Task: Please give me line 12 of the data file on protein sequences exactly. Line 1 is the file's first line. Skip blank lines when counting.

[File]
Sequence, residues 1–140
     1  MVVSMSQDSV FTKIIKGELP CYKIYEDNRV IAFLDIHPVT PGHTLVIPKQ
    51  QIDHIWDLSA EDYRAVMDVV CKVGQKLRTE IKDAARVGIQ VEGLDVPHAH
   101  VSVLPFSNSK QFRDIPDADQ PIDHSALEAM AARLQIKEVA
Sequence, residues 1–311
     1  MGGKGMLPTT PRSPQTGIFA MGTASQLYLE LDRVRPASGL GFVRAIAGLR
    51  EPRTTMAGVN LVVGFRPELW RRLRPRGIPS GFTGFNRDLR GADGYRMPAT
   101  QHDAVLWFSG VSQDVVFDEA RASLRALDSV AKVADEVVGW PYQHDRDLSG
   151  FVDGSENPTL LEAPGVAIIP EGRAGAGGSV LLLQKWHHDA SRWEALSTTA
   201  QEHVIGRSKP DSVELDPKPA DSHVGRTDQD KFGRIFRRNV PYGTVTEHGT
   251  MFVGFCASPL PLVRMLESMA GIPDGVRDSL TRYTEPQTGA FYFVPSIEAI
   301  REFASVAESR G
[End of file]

   301  REFASVAESR G